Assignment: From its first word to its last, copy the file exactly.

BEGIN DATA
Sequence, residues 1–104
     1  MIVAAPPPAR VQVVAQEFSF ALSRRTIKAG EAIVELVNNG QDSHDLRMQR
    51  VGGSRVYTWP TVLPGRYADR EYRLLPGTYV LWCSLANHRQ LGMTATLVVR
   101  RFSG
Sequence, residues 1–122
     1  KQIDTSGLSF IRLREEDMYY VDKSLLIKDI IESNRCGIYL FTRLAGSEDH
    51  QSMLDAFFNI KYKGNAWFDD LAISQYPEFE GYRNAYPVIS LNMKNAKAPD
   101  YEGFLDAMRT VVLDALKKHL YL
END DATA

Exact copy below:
Sequence, residues 1–104
     1  MIVAAPPPAR VQVVAQEFSF ALSRRTIKAG EAIVELVNNG QDSHDLRMQR
    51  VGGSRVYTWP TVLPGRYADR EYRLLPGTYV LWCSLANHRQ LGMTATLVVR
   101  RFSG
Sequence, residues 1–122
     1  KQIDTSGLSF IRLREEDMYY VDKSLLIKDI IESNRCGIYL FTRLAGSEDH
    51  QSMLDAFFNI KYKGNAWFDD LAISQYPEFE GYRNAYPVIS LNMKNAKAPD
   101  YEGFLDAMRT VVLDALKKHL YL